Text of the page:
How do you sell the worst film of the year?

That’s the unenviable job tasked to the marketing department of Vertigo Films, who have to market the cheap Mexican adaptation of 1960s cartoon Top Cat to tired parents hoping to keep their children quiet for a couple of hours. The omens are not good. “Disaster of the year,” says the Guardian. “One of the worst-ever spin-offs of a TV  series,” says the Mail. “A grievous insult not only to the original cartoon but animation in general, and also arguably cats,” says the Telegraph.

And yet there was nothing but praise in this newspaper advert I spotted:

“10 OUT OF 10” is an impressive score for any movie; all the more impressive considering the 14% score at Rotten Tomatoes. Who is this fearless cinematic scholar willing to place his or her neck out on the line and grant this universally reviled film a perfect score? Er, Artie, aged 5.

Yes, this gushing praise comes from the mouths of babes – as well as Artie, there’s also Ellie, aged 9 and Gracie, aged 7, all misguidedly claiming to have enjoyed this Mexican cackfest.   It’s yet another campaign resorting to audience testimonials, a worrying trend for marketing films nobody liked.

There’s something rather dishonest about this practice – especially with the kind of squint-or-you’ll-miss-it small print used on this poster, which at first glance would have you believe it’s a critic who “wants to see it again”. It’s not. It’s tiny, stupid, mini-people, all under the age of 10 and many of whom will not yet have learnt the truth about the Tooth Fairy, let alone gained a comprehensive appreciation of the films of Kenji Mizoguchi.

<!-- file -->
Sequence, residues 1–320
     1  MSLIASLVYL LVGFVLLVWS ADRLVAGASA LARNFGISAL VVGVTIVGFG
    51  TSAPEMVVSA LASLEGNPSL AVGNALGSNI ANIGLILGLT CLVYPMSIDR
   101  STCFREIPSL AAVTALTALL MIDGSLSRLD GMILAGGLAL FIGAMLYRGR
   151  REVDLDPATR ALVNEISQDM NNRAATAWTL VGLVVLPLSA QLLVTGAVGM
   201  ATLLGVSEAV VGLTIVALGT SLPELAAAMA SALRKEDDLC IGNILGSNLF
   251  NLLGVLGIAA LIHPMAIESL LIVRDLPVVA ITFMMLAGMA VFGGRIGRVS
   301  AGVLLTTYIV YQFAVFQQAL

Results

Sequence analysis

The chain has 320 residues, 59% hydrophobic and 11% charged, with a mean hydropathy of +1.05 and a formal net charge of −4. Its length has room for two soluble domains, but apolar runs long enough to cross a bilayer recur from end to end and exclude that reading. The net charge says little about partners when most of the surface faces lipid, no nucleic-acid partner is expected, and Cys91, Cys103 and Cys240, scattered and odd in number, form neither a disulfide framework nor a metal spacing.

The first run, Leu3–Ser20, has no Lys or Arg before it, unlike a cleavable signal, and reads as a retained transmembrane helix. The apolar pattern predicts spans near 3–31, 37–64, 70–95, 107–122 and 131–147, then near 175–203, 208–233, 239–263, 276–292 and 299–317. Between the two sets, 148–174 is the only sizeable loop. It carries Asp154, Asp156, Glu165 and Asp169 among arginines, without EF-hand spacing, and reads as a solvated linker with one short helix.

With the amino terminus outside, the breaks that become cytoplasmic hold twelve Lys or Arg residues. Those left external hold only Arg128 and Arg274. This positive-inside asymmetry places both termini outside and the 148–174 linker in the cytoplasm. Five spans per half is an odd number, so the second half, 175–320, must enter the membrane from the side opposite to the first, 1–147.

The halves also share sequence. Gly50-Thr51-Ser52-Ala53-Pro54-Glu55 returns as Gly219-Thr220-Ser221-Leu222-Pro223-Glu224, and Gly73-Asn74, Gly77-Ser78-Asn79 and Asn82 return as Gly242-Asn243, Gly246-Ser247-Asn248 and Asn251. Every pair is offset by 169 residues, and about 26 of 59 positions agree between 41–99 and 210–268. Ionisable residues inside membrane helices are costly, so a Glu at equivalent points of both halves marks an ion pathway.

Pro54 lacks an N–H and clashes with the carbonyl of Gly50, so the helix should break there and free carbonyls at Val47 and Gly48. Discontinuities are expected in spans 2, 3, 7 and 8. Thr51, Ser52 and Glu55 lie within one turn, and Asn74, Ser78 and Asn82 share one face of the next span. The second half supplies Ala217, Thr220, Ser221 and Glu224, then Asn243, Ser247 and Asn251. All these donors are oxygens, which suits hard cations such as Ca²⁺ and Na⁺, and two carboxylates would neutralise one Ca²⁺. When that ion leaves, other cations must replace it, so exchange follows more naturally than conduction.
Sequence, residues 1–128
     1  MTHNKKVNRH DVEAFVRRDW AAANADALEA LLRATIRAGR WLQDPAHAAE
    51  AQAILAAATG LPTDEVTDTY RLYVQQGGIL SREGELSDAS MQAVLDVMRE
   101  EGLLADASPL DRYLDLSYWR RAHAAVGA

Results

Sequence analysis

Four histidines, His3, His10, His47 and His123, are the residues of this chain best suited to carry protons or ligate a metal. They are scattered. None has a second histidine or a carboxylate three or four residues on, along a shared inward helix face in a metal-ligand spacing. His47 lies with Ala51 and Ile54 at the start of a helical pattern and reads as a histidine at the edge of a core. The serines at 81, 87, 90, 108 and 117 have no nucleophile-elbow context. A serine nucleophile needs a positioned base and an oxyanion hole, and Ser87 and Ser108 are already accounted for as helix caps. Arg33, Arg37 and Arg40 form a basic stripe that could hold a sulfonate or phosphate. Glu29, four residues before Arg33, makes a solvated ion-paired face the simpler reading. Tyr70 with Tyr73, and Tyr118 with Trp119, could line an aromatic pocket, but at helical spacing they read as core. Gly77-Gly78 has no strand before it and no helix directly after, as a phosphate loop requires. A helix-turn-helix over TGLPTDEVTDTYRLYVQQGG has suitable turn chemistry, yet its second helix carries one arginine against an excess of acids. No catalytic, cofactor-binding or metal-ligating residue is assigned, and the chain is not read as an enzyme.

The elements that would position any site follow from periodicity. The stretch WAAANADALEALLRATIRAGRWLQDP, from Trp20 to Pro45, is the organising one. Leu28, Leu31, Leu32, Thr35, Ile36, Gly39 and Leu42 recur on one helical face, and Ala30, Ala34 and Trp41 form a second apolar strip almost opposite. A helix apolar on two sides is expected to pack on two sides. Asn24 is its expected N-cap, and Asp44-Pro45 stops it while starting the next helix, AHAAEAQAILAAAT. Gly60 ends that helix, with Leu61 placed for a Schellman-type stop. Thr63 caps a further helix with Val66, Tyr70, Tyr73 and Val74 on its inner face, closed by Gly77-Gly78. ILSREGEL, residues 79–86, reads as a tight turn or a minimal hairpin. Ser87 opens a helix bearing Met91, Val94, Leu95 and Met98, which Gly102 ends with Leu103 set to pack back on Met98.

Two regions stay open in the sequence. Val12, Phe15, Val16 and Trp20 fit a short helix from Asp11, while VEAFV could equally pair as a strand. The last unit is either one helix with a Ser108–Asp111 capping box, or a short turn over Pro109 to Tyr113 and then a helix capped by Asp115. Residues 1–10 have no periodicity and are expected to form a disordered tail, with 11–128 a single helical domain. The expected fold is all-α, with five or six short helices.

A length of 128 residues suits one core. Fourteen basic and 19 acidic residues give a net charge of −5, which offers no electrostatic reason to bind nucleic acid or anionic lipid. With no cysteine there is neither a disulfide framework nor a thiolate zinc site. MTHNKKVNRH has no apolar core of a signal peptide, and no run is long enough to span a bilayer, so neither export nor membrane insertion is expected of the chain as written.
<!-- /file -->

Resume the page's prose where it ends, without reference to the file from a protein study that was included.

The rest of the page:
Not that there’s anything wrong per se with testimonials from ‘real people’. We all take recommendations from friends occasionally, because we know and trust their judgement. We generally trust the judgement of critics, too, being as they are relative (though imperfect) experts in their field. What we don’t do is ask a dribbling 5-year-old if he liked the pretty colours. Of course he did. He’s an idiot. His mum probably bought him sweets and a big Fanta. He’s having the time of his life. He hasn’t got a clue.

Ultimately it boils down to a choice. Who do you want to believe: people whose job it is to watch films, or people who cannot yet dress themselves unassisted? Vertigo Films hopes the latter, or at least hopes you don’t have your glasses when looking at film advertising. Don’t fall for the subterfuge. Stay vigilant.


  1. This might be the first time I’ve ever disagreed with you John Nugent! (Yes, I am full naming you). Surely in this case the opinion of children is more valid? Not for marketing perhaps but certainly in general. They are the film’s target audience, not Christopher-I-gave-Love-Actually-a-Turkey- Tookey.

  2. I see your point, Frankie (I’m afraid I don’t know your surname). I may have been a bit hard on the little tykes, and I guess in a sense you’re right: this is a film targeted at kids, so why not hear from them? But the thing is, kids as young as five will say anything. It’s not reliable testimony. They will like ANYTHING. It’s not fair on the poor parents, either, who will probably have to sit through this rubbish and will hate it. They’re in the target audience too!

    And one thing I didn’t even mention was that for all we know, there is! Artie… You can’t invent film critics, but you can easily make up normal people. Who’s to say these kids aren’t simply product of a some advertiser’s greedy imagination?

    Thanks for the comment anyway. I enjoy being addressed by my full name.

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